Direct-to-mobile tech: DoT arm flags adoption hurdles – Industry News

The Telecommunication Engineering Centre (TEC) has flagged challenges that could crop up in the implementation of the direct-to-mobile (D2M) technology, which would pave the way for streaming television content directly to mobile phones, without an internet connection.

This comes amid strong opposition to the government’s proposal for the D2M by technology companies like Qualcomm, Samsung, Ericsson, Nokia as well as telecom operators.

TEC has said that the integration of smartphones that support D2M and digital terrestrial TV to mobile devices (DTT2M) technologies remains a big challenge.

In its second version of the technical report on the subject “direct broadcasting to mobile handheld devices”, TEC has pointed out that the implementation of D2M technology such as Advanced Television Systems Committee (ATSC) 3.0, also known as NextGen TV, might require a new nationwide network for indoor coverage for quality services, which would be complex.

Besides, its implementation would involve higher costs for smartphone makers and will increase the pricing of phones, some stakeholders said in their responses to consultation on the subject.

The DoT body also flagged challenges with regard to the availability of a handset ecosystem, scalability of D2M technology, business viability and opportunities and spectrum requirements. “There is consensus now that the success of these approaches relies on the ability to enable this service in mobile devices, more specifically, a smartphone or a tablet. The success of this adoption will further be constrained on how the ecosystem of devices will be created in open-market, low-cost smartphones,” TEC said in a report after consultations.

The DoT body, however, said a standard compatible with existing mobile handsets would be required for D2M technology, as it would offer cost-effectiveness and also leverage existing ecosystem support.

By an appropriate and compatible standard, TEC means a framework and protocol that will help in offloading broadcasting traffic over phones, and on the basis of which smartphones can be designed and manufactured to directly receive broadcast signals.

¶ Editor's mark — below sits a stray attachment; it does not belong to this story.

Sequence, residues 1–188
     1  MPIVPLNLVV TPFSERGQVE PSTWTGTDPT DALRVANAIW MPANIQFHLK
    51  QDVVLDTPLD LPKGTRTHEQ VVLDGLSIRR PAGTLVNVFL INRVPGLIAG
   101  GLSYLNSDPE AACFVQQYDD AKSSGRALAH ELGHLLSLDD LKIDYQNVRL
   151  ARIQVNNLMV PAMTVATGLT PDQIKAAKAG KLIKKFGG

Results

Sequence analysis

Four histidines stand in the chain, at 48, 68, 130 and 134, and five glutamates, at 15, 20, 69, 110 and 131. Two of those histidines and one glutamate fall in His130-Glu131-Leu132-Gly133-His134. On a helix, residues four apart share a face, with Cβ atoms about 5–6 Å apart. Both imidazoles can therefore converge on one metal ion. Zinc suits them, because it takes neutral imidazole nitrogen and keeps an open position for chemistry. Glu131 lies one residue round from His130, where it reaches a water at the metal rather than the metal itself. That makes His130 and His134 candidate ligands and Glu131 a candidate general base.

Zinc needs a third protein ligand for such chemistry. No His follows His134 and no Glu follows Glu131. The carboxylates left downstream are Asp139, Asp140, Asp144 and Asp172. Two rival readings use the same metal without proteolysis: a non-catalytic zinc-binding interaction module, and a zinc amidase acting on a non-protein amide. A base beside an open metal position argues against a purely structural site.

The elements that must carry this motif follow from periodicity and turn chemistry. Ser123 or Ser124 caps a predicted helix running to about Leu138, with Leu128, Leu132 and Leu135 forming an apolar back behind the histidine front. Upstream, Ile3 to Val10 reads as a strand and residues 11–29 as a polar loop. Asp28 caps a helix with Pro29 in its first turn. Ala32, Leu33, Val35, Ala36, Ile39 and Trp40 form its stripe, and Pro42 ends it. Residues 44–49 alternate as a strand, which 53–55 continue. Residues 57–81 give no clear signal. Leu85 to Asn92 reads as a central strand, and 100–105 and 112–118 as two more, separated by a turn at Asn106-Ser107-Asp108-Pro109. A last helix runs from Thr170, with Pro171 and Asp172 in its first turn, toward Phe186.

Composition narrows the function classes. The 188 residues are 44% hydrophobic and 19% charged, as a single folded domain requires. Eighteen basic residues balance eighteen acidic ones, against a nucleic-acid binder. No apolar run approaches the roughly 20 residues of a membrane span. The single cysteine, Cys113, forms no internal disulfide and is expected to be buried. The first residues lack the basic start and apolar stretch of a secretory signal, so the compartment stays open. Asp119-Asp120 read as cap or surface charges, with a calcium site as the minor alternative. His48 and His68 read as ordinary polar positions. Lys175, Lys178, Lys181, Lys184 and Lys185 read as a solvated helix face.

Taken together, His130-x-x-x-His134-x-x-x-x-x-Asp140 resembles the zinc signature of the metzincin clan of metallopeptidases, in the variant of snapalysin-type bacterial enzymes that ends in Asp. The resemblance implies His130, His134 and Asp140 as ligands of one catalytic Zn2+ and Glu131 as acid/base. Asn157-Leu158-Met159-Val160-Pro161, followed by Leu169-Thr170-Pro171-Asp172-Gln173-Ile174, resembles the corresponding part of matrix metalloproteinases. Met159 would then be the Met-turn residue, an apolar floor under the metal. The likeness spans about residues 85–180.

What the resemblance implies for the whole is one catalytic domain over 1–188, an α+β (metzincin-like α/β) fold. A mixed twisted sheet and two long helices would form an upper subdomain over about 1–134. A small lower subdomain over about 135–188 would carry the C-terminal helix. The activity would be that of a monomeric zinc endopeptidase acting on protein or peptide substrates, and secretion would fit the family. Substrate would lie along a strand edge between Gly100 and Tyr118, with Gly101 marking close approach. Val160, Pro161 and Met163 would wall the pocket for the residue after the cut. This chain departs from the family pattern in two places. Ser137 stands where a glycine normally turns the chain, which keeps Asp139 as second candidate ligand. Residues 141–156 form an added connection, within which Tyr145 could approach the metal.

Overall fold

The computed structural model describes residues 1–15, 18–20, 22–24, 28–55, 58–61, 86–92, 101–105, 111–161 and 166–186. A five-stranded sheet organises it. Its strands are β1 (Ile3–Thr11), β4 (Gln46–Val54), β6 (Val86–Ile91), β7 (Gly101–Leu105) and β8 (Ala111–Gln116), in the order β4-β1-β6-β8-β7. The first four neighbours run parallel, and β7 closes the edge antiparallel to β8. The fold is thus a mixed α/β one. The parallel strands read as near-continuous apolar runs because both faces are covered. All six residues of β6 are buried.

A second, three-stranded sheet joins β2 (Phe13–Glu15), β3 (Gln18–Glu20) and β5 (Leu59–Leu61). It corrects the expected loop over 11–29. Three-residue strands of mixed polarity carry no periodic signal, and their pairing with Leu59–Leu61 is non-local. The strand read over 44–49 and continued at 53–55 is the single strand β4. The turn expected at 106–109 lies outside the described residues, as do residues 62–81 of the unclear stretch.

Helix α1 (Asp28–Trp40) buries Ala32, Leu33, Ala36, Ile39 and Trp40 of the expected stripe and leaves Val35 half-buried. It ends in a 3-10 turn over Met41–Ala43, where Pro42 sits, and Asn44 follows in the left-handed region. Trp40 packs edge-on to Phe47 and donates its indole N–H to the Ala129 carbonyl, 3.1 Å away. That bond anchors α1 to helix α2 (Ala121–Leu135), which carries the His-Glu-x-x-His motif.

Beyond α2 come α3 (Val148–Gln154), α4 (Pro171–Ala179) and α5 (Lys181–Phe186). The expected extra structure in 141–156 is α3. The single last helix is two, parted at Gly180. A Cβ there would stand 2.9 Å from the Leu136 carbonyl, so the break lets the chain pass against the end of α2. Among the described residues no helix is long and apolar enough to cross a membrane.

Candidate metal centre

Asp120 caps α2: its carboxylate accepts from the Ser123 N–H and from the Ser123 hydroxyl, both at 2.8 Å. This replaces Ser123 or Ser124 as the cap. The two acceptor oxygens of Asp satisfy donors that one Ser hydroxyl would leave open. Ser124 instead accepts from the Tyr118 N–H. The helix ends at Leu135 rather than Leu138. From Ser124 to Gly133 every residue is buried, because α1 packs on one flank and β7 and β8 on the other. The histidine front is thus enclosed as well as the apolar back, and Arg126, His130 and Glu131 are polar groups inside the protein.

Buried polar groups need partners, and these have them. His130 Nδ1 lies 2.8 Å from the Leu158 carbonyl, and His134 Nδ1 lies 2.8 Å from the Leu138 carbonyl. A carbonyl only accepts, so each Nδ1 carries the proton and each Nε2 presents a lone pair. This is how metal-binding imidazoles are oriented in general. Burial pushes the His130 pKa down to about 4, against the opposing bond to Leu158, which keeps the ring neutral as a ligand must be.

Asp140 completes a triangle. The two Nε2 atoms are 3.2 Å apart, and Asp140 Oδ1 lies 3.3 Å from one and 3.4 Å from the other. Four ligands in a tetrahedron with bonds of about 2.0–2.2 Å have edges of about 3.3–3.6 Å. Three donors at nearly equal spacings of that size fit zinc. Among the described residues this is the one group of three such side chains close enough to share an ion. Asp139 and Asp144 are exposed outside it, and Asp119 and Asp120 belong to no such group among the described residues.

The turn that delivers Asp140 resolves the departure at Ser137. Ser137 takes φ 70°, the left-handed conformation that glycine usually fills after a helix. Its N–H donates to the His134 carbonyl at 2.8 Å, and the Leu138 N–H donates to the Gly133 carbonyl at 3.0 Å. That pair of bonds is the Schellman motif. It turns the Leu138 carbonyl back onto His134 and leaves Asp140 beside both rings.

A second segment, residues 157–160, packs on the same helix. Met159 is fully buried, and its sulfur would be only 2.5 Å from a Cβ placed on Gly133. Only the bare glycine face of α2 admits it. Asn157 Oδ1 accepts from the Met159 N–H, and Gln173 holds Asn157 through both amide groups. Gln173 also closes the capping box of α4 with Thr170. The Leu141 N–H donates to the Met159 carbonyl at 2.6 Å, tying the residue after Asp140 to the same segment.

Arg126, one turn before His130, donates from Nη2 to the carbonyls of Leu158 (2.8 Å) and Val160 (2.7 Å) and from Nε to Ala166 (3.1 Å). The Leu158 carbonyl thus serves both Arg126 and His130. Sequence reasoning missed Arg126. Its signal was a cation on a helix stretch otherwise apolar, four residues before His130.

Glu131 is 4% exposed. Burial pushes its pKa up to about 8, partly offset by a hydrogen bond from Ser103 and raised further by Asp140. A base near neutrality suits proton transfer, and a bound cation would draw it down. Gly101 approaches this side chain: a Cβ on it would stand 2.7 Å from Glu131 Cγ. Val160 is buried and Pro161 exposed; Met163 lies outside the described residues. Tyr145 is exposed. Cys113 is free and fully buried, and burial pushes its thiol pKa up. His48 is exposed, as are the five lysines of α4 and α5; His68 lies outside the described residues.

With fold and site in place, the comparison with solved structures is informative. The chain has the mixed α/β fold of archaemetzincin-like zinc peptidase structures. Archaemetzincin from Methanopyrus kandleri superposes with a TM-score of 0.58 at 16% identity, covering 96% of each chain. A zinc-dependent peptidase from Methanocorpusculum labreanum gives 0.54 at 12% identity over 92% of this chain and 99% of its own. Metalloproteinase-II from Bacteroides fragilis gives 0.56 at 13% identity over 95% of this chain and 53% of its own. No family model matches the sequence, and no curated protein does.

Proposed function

The government’s intention behind D2M technology is to explore convergence of broadcasting and broadband services. Through the technology, users can receive terrestrial digital TV content directly on their handsets. The concept is similar to FM radio on phones, wherein phones can tap into radio frequencies.

The technology can possibly be used to directly broadcast citizen-centric information such as issue of emergency alerts, public safety messages, social services, among other things. Using D2M, telcos can also offload traffic, especially video content, to broadcasting network, thereby reducing congestion, experts said.

As of today, no mobile devices are available for any of these broadcasting technologies or standards anywhere. In fact, countries like the USA, Brazil, Mexico and Canada among others are running trials for D2M technology.

During consultation over the subject, both telcos and technology companies flagged concerns on government’s approach to implement D2M in a hasty manner. The argument of the stakeholders was that since the technology is in early stages, it should not be mandated for devices to comply with that.

Telcos also flagged concern over potential loss of revenues from the data business, in case the mobile picks up signals from the D2M technology in use.

“The ability by which the D2M/DTT2M operator, based on the technology adopted develops the devices ecosystem and then broadcasts to the tens of millions of open market mobile devices will eventually define the success of D2M in India,” TEC said.


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